Then I went to lunch, where a 23-year-old teacher who is clueless was saying how she “wouldn’t mind” getting pregnant this year after her wedding, because “that’s what my mom did, and then she stayed home. Which I wouldn’t mind either.”

Look. It’s great to live the life you choose, if you’re privileged enough to choose it from an array of attractive options. But why are so many women willfully stupid about the consequences of their choices if something goes wrong or they change their minds about what they want?

Why is it not TERRIFYING to contemplate dropping out of the workforce in this economy? Why is it not A VERY SCARY THING to leave school or a career before you have any real skills; before you’re competent in your field; before you have a degree or tenure or any kind of work-related security? Why are women not understanding that economic dependence on a man LIMITS YOUR CHOICES in a very practical, day-to-day way? How can women see all the 30-year-old single mothers; the 40-year-old divorcees; the 60-year-old-widows scraping by and not think: That’s where I’m headed if I don’t take my own life seriously? 

How I Learned To Stop Worrying and Love Tinky Winky, If Only For One Night

Like I said, I never meant to fuck a Teletubby. But it was Halloween night in Toronto and I was cold (having dressed, as I usually do, as a generic Slutty Witch). I was at an outdoor bar with a few women from the Pillow Fight League, wishing I’d brought a jacket to go over my lace slip.

Soon enough, a hot little number in a Teletubby costume sent over a Jack and Coke. She was there with three other Teletubbies, but the others kept their giant head masks on.

“I’M TINKY WINKY,” she yelled over the music as we danced.

“COOL,” I yelled back, because I am known for my lady-conversating skills.

One thing, as it is wont to do, led to another. Tinky Winky, her friends, and I bar-hopped around Church and Wellesley — they in their giant Teletubby heads, me in my pointy hat — until it was just Tinky and I standing in the searing cold air in front of a mini high-rise.

“I live up there,” she said, like it’d just occurred to her. “Want to get warm?”

Did I want to get warm? Did I want a million dollars? Did I want the sky to fill with rainbows?

As we walked into her apartment, I panicked: Her Teletubby head looks different. It’s purple. Wasn’t it green before? Did I go home with the wrong Teletubby?

I held my breath as she unmasked. She was the right Teletubby. She was absolutely the right Teletubby for the next three hours. But in that moment, before I knew for sure, I realized it didn’t matter — if she’d been the wrong Teletubby, I’d have rolled with it.

Which was a new thing. Until I was almost 30 and started sleeping with women, I thought of sex as a sacred promise that bonded me to someone else forever. This ruined the sex itself, since I was so focused on forcing the relationship that my body went numb.

After I re-filed sex under “Research and Development,” I relaxed: What did I want? What did I like? What was I willing to try? My sexuality had been obscured by malecentric narrative and desire, so I really didn’t know. Self-objectification: we’re all soaking in it, until we’re not.

It wasn’t that I didn’t want just one woman to love. I did. But I wasn’t going to keep my lace slip on until she arrived. I was going to find something to love about a lot of different women: Her hair; her laugh; the way she could run a mile in under six minutes. And I was going to discover what I wanted in bed — not what I assumed I wanted, but actually enjoyed.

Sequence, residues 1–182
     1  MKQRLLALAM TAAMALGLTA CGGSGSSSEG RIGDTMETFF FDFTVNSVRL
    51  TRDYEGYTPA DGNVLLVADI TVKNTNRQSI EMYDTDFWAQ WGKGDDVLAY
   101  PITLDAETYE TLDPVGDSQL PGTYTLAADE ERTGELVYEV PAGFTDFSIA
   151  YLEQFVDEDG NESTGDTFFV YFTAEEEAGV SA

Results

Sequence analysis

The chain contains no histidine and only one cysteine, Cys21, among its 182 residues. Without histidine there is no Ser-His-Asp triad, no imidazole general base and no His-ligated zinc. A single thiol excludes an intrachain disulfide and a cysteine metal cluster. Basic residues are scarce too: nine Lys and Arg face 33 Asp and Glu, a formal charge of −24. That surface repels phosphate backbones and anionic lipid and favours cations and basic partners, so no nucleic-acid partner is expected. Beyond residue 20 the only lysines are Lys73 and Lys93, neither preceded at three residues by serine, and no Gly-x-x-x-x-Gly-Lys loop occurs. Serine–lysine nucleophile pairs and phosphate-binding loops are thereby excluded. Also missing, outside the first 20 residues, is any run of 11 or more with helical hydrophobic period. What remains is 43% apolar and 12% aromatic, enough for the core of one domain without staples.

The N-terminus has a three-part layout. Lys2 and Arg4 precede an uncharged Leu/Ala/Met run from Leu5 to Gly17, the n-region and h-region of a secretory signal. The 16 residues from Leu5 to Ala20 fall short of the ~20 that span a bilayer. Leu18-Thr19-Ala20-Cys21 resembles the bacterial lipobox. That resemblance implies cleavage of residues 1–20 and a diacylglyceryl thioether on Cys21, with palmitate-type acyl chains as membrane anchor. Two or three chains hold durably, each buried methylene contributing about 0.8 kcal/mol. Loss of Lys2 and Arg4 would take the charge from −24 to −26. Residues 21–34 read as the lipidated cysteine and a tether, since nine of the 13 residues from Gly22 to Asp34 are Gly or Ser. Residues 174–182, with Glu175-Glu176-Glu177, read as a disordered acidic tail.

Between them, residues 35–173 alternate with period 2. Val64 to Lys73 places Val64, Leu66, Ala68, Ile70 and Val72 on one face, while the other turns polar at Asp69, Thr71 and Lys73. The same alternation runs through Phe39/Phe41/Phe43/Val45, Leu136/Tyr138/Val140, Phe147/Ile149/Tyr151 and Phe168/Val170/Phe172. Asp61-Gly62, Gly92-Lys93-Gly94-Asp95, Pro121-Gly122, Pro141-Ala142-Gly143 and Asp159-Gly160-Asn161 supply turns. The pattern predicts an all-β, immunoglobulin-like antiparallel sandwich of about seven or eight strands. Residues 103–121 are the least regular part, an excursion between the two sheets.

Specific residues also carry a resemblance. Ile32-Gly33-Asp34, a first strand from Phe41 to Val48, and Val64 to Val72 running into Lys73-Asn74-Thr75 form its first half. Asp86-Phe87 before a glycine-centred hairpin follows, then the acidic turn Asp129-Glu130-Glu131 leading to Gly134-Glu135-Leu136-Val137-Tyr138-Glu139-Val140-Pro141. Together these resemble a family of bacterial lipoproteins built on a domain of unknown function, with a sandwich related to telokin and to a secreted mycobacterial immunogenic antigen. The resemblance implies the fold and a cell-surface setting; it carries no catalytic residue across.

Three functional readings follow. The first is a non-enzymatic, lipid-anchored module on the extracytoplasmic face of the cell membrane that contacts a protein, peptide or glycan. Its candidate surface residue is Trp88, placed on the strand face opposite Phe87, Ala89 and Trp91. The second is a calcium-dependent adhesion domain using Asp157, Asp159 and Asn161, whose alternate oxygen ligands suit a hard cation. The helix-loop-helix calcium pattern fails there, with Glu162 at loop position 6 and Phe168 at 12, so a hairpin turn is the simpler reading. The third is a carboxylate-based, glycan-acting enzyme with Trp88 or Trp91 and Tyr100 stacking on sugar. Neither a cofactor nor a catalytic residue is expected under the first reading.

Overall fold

I cooked a lot of eggs during the next nine years. Scrambled, hard-boiled, soft-boiled, poached — if you liked it, I could make it for you. I’d squeeze you some fresh juice, too, for the road. And I wouldn’t (usually) agonize over whether you called again or not.  I slept with a semi-famous folk singer and got a song written about me, which was fun.

But the best thing I learned from sleeping with lots of women wasn’t about sex, it was about secrets. Women told me things in bed that they wouldn’t have told me anywhere else — stories about their childhoods; their insecurities; their hopes; their ongoing sense of nameless dread. The more they told me, the more I understood how not-alone I was. Things I’d been afraid to share, or even admit, were de-fraught and de-fused, and it created a new kind of intimacy — not “We’re sleeping together, therefore we MUST be bonded,” but something natural and healing: Here we are, in this human thing together.  

And when I fell in love again — whether it worked out or not — sex with that woman was better because of the sex I’d had with women I didn’t love. I knew what I wanted. I knew what was real and what was someone else’s fantasy. I was present and powerful, not acting out a pre-fab script. So when I read things like this, or hear my students slut-shaming, I remember Tinky Winky and her warm, fuzzy hands. And I am so grateful.

The Time I Accidentally Fucked A Teletubby: Life-Changing Lessons From Casual Sex

…is the title of an upcoming essay, to be written when I finish grading this pile of essays (“I personally feel that Lady McBeth is way alot more evil than her husband, Mr. Mcbeth. The McBeths stand as the protagonists of Shakespeare’s book by the same name.”

More possible upcoming titles:

  • I Really Do Know All There Is To Know About the Crying Game
  • Eight Post-Op Transsexuals, One Bathroom, and Me: Adventures At the Recovery House in Trinidad, Colorado
  • I Am No Longer Allowed In The Office-Supply Store
  • Straight Women I Have Known
  • Surprising Injuries One Can Sustain While Refereeing in The Pillow Fight League
  • Choose the BEST Answer: The Gulag Archipelago of High-Stakes Testing
  • The Case For Having Five Cats
  • I Don’t Care How They Do It In Ibiza; Never Put Ecstasy Up Your Ass
  • Plan My Unit, Baby
  • The Kids Are On Pot! The Kids Are All On Pot!
  • The Lonely Planet Guide to My Rental House